The Cost of Sharing Data

Coming up with and enforcing a data-sharing policy is relatively straightforward. More byzantine are the technical challenges of sharing this data.

There is no doubt that financial CIOs have their work cut out for them. McCormick says that Sumitomo Mitsui has to scan every incoming and outgoing transaction for names of people and institutions on several watch lists, and stop any that match from going through. Thanks to earlier investments in a middleware-intensive infrastructure, McCormick was able to install additional software that can cross-check names on fund transfers against government-supplied watch lists with relative ease. He purchased the cross-checking software package from Sybase?it costs around $500,000 for large financial companies?and uses a previously installed Sybase E-Biz Integrator as the middleware.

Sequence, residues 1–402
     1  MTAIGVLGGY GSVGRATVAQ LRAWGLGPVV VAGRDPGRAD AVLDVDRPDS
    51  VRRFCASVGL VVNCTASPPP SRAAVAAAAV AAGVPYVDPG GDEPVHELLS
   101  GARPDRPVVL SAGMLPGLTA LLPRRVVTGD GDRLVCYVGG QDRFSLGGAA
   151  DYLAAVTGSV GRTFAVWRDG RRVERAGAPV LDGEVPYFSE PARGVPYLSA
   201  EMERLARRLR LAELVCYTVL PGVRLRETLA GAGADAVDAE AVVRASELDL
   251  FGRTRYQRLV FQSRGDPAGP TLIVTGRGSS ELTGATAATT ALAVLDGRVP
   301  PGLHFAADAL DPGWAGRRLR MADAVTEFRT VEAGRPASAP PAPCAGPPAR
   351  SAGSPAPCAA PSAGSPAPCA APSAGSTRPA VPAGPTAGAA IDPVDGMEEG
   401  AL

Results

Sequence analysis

"Payment flows are routed to E-Biz and then to the scanning software," McCormick explains. "Assuming the payment is acceptable, the message is then routed onward. If the payment fails any of the required scans, the message is retained for investigation and further reporting. This architecture does not restrict us to any set number of systems. So if there were new requirements for scanning, it would not be difficult to integrate those into our infrastructure."